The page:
On May 11, 17.8 tonnes, a massive piece of space debris slammed uncontrollably into the Earth’s atmosphere.
One of the largest human-made objects made a descent in decades. This debris is 30.48 meres. The Long March 5B(CZ – 5B) was launched on 5th May. Before this, back in 1991, a heavier object, Salyut-7 Soviet space station, of 43 tonnes made an entry to the Earth’s atmosphere.
At first, the debris seemed harmless, but then it was reported that metal pieces are falling on the ground as well. Jonathan McDowell says, “When you have a big chunk of metal screaming through the upper atmosphere in a particular direction at a particular time, and you get reports of things falling out of the sky at that location, at that time, it’s not a big leap to connect them.”
In July 2019, Tiangong-2, a Chinese space station, made a controllable descent to the Earth by making use of last of its fuel. But its weight was half the weight of 5B. China also has a record of Tiangon-1 falling into the Pacific Ocean, uncontrollably in 2018, but this weighed 9.3 ton and it was harmless. So, China doesn’t hold a good record. Jonathan McDowells is worried about the future as he says, “They’re planning a lot of launches of this thing to assemble their new space station, and so that’s going to be a lot of these objects reentering a few days after launch. And that’s not good.”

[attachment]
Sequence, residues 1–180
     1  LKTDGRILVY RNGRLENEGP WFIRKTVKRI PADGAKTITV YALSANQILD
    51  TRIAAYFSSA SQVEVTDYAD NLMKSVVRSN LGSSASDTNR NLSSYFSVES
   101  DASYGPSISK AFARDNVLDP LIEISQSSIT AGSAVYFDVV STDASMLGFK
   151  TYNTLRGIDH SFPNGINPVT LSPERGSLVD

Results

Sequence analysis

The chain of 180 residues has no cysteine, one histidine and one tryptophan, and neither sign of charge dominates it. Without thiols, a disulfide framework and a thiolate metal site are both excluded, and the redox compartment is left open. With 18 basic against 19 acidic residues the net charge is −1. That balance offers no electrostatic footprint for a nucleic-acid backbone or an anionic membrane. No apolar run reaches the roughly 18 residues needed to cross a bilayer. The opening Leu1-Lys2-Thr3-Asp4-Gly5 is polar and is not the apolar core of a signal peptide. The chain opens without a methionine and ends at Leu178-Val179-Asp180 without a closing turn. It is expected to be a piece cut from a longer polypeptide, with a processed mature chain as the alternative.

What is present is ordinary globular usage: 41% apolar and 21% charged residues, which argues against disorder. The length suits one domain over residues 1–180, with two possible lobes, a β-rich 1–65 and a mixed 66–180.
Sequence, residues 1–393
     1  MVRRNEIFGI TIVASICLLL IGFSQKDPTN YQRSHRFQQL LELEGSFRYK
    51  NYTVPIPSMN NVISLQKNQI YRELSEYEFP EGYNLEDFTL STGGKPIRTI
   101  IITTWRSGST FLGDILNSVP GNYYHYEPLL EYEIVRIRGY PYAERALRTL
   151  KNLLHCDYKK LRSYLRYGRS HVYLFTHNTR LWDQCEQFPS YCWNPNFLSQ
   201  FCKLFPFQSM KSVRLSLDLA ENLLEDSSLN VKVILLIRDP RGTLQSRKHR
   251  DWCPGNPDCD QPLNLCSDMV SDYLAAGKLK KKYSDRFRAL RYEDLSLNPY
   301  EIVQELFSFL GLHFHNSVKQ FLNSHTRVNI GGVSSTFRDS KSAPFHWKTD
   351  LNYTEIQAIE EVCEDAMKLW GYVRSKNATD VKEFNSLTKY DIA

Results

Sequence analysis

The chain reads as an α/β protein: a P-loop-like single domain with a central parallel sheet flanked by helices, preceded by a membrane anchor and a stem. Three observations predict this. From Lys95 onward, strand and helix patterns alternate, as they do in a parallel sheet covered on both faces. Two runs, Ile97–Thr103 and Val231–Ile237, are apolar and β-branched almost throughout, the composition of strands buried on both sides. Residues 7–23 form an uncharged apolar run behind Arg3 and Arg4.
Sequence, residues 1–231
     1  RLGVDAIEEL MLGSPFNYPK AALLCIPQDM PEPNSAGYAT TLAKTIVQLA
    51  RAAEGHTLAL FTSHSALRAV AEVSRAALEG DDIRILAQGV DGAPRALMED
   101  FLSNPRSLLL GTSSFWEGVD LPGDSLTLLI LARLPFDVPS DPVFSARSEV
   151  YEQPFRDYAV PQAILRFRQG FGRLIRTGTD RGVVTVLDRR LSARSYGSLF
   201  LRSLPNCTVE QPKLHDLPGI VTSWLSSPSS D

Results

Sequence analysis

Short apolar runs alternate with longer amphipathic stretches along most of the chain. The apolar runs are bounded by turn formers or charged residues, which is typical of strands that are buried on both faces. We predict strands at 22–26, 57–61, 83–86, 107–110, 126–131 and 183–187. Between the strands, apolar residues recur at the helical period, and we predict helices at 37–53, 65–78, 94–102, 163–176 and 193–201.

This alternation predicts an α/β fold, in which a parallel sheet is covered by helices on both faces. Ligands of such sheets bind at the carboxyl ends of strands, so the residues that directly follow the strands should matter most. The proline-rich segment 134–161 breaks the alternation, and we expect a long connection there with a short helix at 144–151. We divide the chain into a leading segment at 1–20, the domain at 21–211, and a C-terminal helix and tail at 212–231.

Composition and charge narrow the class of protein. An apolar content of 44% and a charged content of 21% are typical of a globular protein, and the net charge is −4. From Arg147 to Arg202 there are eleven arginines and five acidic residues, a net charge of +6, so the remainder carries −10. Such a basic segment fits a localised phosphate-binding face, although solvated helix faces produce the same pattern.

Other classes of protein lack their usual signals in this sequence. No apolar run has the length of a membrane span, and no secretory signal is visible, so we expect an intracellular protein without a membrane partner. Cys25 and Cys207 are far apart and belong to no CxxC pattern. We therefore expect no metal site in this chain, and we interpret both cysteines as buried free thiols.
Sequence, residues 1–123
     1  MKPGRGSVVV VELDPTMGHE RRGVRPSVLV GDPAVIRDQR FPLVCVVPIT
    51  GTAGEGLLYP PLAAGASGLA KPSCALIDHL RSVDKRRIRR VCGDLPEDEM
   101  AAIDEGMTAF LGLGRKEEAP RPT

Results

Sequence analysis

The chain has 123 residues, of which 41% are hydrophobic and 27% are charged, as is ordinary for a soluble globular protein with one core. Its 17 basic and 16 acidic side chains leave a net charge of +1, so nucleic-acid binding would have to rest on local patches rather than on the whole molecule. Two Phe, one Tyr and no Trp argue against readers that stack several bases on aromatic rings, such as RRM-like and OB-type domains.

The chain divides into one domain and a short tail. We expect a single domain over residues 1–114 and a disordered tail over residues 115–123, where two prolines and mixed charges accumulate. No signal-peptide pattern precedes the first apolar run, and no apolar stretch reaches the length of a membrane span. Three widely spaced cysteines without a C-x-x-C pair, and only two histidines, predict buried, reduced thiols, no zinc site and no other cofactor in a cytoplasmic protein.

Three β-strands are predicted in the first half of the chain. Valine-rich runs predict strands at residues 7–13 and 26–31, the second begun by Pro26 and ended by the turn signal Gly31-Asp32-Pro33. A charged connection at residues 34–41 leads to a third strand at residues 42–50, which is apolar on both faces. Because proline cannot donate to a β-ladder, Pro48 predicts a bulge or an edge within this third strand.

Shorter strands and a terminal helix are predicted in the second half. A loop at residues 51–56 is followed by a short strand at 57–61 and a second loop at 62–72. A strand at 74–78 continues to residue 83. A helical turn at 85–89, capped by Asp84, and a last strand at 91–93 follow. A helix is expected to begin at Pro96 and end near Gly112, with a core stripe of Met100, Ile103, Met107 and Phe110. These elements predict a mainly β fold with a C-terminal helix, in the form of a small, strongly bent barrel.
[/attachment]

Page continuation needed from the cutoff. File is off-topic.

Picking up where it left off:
The 18th Space Control Squadron, an Air Force space-tracking group, reported the re-entry of Long March 5B at 11:33 am EST. According to McDowell, the rocket passed over Hollywood, Colorado Springs & New York City’s Central Park in its last half-hour in orbit.
In 1972, the United Nations came up with the treaty, Space Liability Convention, stating an agreement about who to be held liable for any falling space object causing injuries to someone. China acceded the treaty in 1988, which has made it unclear whether China has to pay in some way or not.